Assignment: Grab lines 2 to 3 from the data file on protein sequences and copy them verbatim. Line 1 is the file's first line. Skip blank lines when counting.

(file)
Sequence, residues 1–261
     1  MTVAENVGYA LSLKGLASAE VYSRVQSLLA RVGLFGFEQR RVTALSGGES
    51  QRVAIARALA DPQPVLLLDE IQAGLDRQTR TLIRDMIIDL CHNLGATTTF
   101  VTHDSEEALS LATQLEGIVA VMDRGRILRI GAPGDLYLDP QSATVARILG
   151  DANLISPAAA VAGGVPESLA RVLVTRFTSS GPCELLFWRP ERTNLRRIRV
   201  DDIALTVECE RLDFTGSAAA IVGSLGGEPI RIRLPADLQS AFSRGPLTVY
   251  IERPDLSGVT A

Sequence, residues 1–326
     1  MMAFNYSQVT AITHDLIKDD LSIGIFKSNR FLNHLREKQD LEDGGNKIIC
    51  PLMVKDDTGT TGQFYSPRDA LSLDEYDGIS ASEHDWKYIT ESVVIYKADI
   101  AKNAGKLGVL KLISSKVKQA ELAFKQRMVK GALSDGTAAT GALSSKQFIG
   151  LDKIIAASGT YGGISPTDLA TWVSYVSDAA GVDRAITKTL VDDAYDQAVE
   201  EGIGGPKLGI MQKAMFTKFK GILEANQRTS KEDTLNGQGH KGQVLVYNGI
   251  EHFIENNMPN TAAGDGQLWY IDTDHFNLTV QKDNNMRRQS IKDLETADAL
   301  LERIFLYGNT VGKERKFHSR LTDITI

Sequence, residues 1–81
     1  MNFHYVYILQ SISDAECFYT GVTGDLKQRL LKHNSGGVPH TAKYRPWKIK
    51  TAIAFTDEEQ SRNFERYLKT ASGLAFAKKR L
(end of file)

     1  MTVAENVGYA LSLKGLASAE VYSRVQSLLA RVGLFGFEQR RVTALSGGES
    51  QRVAIARALA DPQPVLLLDE IQAGLDRQTR TLIRDMIIDL CHNLGATTTF